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Thread: What tools???

  1. #1
    Richard Smith Guest

    What tools???

    I met a man from the Amana Colony in Iowa. He is a production turner and makes upscale spinningwheels. He has hand turned upwards of 3000 SWs.
    What I'm getting at is he only uses a 1 3/4" roughing gouge and a large skew chisel ground straight across.
    I'd like to hear what others consider necessary for their turning.

  2. #2
    Join Date
    Nov 2006
    Location
    Northville, MI
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    507
    I can tell you that with the tools pictured I still can't make anything decent.

    Jim

  3. #3
    Join Date
    Nov 2006
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    Mountain Home, Arkansas
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    11,697
    I've got more than you and probably don't do as good as you.
    Is that a Grizzly I see peeking up at the bottom?
    But, we aren't helping Richard. Experts will chime in, I'm sure. But, my take on what turning tools you need is a pretty basic approach. What works for you. That's no help either. I suggest you buy a mid-range priced set of tools. You will probably end up using a 1/2" spindle gouge and 1" skew more than anything else. With the help of yard sales, I acquired other very useful tools like a 2" roughing gouge. Not used very often but is great when I have the need for fast removal. And a 1 1/2" skew, probably my favorite all-around lathe tool.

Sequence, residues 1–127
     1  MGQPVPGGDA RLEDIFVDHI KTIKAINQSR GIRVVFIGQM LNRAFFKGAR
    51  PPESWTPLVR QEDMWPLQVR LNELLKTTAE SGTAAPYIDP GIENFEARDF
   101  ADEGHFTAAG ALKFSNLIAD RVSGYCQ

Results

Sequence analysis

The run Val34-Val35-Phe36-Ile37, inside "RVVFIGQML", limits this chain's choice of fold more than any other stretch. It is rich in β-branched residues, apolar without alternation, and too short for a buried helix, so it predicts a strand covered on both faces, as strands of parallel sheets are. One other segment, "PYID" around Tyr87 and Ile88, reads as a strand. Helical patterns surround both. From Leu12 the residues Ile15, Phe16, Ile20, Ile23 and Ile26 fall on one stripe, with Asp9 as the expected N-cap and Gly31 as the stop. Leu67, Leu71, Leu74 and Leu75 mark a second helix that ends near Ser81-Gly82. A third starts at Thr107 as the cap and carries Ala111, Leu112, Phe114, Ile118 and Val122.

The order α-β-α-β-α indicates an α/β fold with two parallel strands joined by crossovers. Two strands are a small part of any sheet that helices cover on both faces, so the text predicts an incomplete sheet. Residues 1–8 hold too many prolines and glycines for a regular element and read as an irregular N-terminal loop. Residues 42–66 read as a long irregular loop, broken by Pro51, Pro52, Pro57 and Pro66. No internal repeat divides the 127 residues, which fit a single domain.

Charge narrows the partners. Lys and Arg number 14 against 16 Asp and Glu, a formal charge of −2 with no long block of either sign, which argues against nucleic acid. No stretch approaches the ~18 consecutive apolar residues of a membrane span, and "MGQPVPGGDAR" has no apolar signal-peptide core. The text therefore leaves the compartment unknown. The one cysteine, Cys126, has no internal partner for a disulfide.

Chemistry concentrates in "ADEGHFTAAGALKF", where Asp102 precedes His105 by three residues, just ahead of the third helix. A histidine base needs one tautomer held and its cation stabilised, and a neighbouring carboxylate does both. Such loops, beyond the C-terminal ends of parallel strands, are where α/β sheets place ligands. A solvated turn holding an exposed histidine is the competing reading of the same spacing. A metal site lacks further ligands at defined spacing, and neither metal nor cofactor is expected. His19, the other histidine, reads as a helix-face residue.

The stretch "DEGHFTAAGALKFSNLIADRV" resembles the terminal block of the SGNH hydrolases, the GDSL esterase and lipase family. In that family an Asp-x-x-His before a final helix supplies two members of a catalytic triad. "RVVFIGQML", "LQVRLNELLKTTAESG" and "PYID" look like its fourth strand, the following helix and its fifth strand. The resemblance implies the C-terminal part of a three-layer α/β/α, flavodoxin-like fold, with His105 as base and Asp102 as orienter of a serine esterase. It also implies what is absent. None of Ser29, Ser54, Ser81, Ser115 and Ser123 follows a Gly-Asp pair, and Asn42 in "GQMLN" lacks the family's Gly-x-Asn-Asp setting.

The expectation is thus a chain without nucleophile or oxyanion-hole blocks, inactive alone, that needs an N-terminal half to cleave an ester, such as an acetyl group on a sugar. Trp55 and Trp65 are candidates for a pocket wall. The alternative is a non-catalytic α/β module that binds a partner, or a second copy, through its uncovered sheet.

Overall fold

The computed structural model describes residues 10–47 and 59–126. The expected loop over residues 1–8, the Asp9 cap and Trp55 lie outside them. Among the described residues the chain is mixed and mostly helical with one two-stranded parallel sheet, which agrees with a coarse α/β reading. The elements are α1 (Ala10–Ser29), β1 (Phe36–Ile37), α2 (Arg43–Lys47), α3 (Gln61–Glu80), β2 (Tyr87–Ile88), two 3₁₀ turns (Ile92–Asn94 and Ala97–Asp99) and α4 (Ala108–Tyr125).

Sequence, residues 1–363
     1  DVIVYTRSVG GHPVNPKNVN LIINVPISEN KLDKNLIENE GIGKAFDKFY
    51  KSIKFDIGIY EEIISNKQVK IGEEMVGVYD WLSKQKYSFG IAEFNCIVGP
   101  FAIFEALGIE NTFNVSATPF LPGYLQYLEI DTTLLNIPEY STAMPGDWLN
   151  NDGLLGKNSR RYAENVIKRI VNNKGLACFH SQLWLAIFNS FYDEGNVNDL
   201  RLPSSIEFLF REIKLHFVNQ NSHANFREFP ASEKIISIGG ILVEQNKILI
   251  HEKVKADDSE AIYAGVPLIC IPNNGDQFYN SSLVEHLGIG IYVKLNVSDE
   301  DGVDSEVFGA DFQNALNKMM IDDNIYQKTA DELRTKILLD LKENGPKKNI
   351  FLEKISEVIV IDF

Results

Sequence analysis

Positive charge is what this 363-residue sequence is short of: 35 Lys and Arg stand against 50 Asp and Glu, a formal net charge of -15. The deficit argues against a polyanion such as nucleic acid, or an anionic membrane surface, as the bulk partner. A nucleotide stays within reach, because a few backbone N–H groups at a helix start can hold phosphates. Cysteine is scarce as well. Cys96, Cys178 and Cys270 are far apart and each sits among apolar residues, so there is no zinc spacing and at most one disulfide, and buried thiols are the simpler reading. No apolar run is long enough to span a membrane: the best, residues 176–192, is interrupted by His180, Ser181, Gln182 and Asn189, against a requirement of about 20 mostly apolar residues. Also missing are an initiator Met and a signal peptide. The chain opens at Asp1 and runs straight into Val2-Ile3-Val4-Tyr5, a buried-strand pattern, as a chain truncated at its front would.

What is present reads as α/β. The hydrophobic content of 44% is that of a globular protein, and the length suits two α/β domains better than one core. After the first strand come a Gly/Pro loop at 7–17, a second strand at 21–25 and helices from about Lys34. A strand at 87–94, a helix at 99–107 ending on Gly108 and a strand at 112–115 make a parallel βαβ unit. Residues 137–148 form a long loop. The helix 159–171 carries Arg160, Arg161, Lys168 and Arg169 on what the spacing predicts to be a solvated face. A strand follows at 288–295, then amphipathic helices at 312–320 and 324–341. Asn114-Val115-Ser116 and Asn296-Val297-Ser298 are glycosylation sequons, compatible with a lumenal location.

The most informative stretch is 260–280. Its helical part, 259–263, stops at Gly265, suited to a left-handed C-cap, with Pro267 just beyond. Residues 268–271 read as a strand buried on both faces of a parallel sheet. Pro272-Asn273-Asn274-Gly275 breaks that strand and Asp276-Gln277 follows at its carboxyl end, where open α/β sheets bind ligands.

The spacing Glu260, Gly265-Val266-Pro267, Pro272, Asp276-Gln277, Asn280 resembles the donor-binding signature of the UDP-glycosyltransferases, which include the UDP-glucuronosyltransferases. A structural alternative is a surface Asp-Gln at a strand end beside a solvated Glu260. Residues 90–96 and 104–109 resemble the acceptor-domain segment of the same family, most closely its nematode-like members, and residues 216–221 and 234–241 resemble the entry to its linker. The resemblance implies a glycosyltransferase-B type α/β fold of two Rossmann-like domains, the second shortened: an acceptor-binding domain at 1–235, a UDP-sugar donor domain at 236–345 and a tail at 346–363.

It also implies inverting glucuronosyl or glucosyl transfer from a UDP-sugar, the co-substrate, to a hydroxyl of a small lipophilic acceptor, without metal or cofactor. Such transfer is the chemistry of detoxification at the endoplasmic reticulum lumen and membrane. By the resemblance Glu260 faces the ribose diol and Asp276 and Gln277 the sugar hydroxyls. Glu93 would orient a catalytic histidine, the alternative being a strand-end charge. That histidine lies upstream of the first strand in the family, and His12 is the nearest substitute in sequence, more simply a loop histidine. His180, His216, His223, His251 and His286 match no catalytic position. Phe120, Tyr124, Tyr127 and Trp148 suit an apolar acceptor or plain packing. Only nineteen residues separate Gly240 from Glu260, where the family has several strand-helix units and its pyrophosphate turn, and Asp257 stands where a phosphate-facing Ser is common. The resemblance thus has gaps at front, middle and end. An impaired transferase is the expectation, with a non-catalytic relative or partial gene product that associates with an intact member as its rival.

4. #4
    Join Date
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    Northville, MI
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    507
    Quote Originally Posted by Frank Fusco View Post
    Is that a Grizzly I see peeking up at the bottom?
    Ya, got rid of it though since it was noisy and vibrated alot.
    Jim

  5. #5
    Steve Clardy Guest
    I have a couple sets of the basic tools that come with 8-10 tools.
    Then I have a set of tenon tools.

    A couple of finger nail grind gouges, 3/16 and 1/4, for detail work. Beads and coves.

  6. #6
    Join Date
    Dec 2006
    Location
    Goodland, Kansas
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    4,834
    My granddad always told me a man without tools is like a kid without candy.
    Bernie W.

    Retirement: Thats when you return from work one day
    and say, Hi, Honey, Im home forever.

    To succeed in life, you need three things: a wishbone, a backbone and a funnybone.

  7. #7
    Join Date
    Oct 2006
    Location
    Tokyo Japan
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    HI Richard!

    Your production spindle turner does a very specific job, thus his selection of tools is only what he needs and I'm sure he is very good at turning spindles with them.

    That said, what do you want to do?

    If you are doing a lot of spindle work, the selection of tools will be very different than if you do mainly bowls, and this follows for other things like Hollow Forms (HF) etc.